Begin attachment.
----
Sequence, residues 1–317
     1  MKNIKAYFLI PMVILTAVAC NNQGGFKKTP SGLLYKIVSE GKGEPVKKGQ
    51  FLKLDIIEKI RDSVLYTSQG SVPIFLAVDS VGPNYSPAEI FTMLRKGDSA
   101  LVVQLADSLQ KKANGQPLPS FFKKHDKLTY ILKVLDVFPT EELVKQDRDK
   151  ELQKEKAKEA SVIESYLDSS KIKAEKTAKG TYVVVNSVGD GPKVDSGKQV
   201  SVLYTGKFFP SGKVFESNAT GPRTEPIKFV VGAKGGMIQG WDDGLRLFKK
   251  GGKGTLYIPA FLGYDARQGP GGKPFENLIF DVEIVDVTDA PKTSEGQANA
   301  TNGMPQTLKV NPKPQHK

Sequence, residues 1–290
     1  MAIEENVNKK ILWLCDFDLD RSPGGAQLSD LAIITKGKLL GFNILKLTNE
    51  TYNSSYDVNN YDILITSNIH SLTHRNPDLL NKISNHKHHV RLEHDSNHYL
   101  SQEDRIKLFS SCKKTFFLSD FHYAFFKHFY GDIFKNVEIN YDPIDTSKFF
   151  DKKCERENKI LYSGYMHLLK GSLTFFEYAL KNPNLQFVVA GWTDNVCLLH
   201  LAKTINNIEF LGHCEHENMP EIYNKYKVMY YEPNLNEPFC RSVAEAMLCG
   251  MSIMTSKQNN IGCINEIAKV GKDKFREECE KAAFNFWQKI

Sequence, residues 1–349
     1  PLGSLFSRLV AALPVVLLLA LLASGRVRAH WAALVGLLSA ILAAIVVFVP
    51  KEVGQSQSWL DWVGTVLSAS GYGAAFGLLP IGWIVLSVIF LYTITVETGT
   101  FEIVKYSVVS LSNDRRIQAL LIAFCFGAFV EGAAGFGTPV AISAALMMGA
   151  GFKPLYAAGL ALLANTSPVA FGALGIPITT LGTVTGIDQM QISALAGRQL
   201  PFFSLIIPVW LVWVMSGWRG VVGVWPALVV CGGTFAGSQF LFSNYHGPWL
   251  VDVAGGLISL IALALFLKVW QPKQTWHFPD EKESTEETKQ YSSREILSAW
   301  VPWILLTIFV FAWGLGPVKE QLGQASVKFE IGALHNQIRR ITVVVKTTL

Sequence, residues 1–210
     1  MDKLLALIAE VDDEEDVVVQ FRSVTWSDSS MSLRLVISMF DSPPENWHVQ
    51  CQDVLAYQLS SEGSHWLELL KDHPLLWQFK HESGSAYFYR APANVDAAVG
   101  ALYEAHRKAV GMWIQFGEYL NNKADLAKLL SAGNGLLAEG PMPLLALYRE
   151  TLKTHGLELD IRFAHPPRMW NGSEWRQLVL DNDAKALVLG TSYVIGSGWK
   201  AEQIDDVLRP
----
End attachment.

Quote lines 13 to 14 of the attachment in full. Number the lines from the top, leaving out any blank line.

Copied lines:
   151  DKKCERENKI LYSGYMHLLK GSLTFFEYAL KNPNLQFVVA GWTDNVCLLH
   201  LAKTINNIEF LGHCEHENMP EIYNKYKVMY YEPNLNEPFC RSVAEAMLCG